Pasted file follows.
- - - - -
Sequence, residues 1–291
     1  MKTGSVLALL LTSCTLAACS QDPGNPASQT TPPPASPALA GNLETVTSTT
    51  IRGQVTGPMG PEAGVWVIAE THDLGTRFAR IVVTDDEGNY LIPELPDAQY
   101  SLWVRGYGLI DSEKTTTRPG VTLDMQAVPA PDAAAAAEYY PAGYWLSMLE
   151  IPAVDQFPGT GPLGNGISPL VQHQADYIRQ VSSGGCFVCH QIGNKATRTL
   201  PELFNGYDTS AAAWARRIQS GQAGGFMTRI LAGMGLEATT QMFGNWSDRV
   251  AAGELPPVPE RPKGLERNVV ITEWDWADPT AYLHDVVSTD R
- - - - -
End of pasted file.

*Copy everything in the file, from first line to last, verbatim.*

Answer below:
Sequence, residues 1–291
     1  MKTGSVLALL LTSCTLAACS QDPGNPASQT TPPPASPALA GNLETVTSTT
    51  IRGQVTGPMG PEAGVWVIAE THDLGTRFAR IVVTDDEGNY LIPELPDAQY
   101  SLWVRGYGLI DSEKTTTRPG VTLDMQAVPA PDAAAAAEYY PAGYWLSMLE
   151  IPAVDQFPGT GPLGNGISPL VQHQADYIRQ VSSGGCFVCH QIGNKATRTL
   201  PELFNGYDTS AAAWARRIQS GQAGGFMTRI LAGMGLEATT QMFGNWSDRV
   251  AAGELPPVPE RPKGLERNVV ITEWDWADPT AYLHDVVSTD R